9. Avoid Heavy Hair Extensions

(Similar to the previous point, but deserves its own line!)

It is important not to wear heavy extensions that pull the hair constantly, because you will damage the follicle until it no longer produces hair i.e. traction alopecia

Be careful with hair at edges and sides of head, as these are the areas that take a hit. If you notice thinning then you are already damaging your hair and you MUST STOP whatever it is you are doing before irreversible damage is caused as it is trending towards traction alopecia.

10. Different Styles For Different Times Of Day

For example, protective hairstyles for work could be up-dos and buns as this gets your hair away from a collar that might rub on it, whereas protective hairstyles for bed could be styles that allowed you to sleep comfortably while ensuring the ends are moisturised and tucked away to prevent rubbing while you sleep.

11. Protective Accessorising

Use protective Accessories to bolster your protective hairstyles for bed. Items like silk scarves or pillowcases when you sleep or silk scarves around your neck during the day will reduce the amount of damaging rubbing that occurs.


    20 Protective Hairstyles For Afro Hair

    Here are 20 beautiful protective style ideas to get you going, which include some hair extension styles. How many of these have your tried before? Would you have considered these protective styles?

    1. Bantu Knots

    2. Cornrows

    3. Crochet Styles

    4. Clip in Hair Extensions

    5. Wigs

    6. Natural Flat Twists

    7. Natural Single Plaits

    8. Box Braids

    9. Thread 

    10. Afro Kinky Twists

    11. Ghana Braids

    12. Senegalese Twists

    13. Finger Coils (or One Strand Twists)

    14. Two Strand Twist

    15. Two Cornrows / Twists

    16. Flat Twist Up-dos

    17. Flat Twist

    18. Ponytail

    19. Weave

    20. Straightened Hair

      I came across an interesting article on Black Hair Information that discusses how straightened Afro hair could be considered protective styling. What do you think?


      6 Ways To Speed Up Protective Hairstyle Installs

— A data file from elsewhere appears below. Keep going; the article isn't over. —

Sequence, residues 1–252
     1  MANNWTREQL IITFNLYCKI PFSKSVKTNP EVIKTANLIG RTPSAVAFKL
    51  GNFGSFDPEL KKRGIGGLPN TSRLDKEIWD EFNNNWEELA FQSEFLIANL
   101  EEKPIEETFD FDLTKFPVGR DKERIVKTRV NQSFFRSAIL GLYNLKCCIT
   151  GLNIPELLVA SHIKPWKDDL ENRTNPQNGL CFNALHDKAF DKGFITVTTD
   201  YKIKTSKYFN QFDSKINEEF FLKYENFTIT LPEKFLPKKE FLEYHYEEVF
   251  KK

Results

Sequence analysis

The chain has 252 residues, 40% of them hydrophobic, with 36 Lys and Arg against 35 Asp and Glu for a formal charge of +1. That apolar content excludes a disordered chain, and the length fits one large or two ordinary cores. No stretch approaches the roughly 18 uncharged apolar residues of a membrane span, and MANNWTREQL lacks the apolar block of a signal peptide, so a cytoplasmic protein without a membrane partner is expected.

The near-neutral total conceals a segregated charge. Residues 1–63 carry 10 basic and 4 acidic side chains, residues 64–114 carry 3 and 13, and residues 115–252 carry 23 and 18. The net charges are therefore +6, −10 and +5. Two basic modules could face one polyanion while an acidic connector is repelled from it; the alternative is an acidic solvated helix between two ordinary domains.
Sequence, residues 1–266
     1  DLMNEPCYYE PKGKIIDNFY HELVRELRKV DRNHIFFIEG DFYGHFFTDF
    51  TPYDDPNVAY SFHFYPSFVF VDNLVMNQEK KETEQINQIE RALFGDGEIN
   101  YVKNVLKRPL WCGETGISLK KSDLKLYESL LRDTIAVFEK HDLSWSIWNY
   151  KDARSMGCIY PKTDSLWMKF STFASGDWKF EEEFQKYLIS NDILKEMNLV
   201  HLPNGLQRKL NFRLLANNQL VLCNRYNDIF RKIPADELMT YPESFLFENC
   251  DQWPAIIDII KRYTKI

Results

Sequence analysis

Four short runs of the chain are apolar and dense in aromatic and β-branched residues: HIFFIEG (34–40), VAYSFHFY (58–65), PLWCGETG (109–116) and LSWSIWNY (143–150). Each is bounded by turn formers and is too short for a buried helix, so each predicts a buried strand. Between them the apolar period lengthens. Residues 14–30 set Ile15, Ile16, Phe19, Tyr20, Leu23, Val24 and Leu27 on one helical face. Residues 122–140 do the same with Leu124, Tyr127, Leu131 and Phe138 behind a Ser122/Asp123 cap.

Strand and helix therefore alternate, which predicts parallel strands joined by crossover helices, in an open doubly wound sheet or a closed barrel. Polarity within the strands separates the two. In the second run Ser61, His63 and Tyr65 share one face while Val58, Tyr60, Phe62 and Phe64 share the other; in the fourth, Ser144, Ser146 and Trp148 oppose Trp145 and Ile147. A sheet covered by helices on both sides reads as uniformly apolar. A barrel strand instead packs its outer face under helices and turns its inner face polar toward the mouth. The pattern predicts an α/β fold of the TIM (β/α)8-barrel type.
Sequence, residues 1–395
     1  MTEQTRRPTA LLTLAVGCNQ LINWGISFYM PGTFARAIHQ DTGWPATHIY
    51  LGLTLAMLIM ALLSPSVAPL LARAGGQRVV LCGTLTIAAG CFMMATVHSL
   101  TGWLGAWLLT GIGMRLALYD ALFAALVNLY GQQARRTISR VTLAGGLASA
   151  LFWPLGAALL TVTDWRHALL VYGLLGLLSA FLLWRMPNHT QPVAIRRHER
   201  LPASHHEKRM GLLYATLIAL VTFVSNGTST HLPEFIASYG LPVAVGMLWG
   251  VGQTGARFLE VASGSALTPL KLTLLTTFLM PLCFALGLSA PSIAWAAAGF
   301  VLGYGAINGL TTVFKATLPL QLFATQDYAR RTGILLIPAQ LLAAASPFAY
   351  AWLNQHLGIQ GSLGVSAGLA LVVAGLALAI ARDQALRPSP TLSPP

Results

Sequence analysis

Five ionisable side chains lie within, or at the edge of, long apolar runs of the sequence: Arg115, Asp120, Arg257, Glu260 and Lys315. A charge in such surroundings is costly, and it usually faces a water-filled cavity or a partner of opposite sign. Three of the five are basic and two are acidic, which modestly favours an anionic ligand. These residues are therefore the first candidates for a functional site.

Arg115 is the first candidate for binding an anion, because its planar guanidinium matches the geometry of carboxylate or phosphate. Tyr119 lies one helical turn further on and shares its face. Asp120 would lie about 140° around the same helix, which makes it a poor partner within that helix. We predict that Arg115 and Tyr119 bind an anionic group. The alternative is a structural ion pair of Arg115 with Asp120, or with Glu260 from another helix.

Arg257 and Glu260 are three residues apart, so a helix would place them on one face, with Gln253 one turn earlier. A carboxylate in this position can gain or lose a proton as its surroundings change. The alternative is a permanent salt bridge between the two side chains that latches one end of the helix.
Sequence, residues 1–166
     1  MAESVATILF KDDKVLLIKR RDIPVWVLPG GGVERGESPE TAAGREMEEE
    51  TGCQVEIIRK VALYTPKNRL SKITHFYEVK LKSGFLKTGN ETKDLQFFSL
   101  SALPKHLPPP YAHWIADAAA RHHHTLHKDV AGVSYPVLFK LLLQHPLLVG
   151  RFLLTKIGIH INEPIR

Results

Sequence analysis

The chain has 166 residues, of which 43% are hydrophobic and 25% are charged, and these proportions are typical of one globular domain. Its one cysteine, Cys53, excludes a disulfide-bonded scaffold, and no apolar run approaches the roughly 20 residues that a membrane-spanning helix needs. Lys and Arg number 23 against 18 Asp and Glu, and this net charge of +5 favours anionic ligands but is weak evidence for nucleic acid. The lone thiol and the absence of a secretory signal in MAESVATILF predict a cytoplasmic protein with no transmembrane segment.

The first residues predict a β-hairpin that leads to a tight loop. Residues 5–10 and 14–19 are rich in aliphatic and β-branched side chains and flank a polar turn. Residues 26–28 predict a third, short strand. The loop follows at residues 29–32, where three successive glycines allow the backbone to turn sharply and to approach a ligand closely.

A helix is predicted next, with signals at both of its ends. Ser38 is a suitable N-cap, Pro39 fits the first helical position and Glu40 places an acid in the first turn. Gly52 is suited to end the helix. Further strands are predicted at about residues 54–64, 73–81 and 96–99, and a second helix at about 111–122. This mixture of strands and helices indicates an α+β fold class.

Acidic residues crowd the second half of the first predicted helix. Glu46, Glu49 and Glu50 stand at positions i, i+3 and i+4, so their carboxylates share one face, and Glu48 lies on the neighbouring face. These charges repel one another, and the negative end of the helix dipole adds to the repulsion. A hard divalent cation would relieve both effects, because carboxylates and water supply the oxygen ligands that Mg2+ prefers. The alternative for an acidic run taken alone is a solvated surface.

Many protective hairstyles are stylistic, but some have become burdensome and can take hours to complete, sometimes over a couple of days. Many of us have experienced the frustration of having certain styles done but you can benefit from protective styles without sitting through intricate installation by following these smart hacks to ensure your hair still thrives and is healthy but you’re not wasting valuable time on it.

      1. Have bigger partings i.e. have bigger braids, twists, cornrows
      2. Ensure hair is detangled with a solid wide tooth comb and use a detangling product such as Cantu’s Coil Calm or Aunt Jackie’s Girls Knot Havin’ It so that you style with ease, and without causing damage to the hair
      3. Style simple – aim for simpler styles to avoid the time that more intricate styles take; one strand twist or finger coils are beautiful and take an hour to install
      4. Wear a ready to wear wig – simply do chunky cornrows, flat twists or for those with short hair – nothing! I tend to have 6 large cornrows, going straight back from the front of my head and I keep these in for a week or two. There’s a smaller cornrow at the nape of my neck to prevent pulling the hair as part of the other cornrows. Luxeriva have some great options that don’t require glue, and if you’re really uninterested in fighting with a wig then check out the Lara fringe wig which is both striking and the easiest wig you’ll ever wear.
      5. Wear clip in extensions – ensure these are not creating any tension at the root of your hair by installing carefully. You can use these to help you protect your hair in the event you braid or twist your hair before attaching the clip ins. Will also help with letting you tuck ends away if your hair is shorter.
      6. Multitask e.g. steam your hair while doing something else, perhaps you have some daily reading you’ve been telling yourself you’ll start as part of your New Year’s resolution (no judgement lol) well now you can kill two birds (poor birds) with one stone by setting some time aside to do your reading, at the same time as applying your leave-in onto your hair and steaming it.


      I hope this was informative and helpful – drop a comment below if you liked it and let me know if there are any suggestions for other blog topics.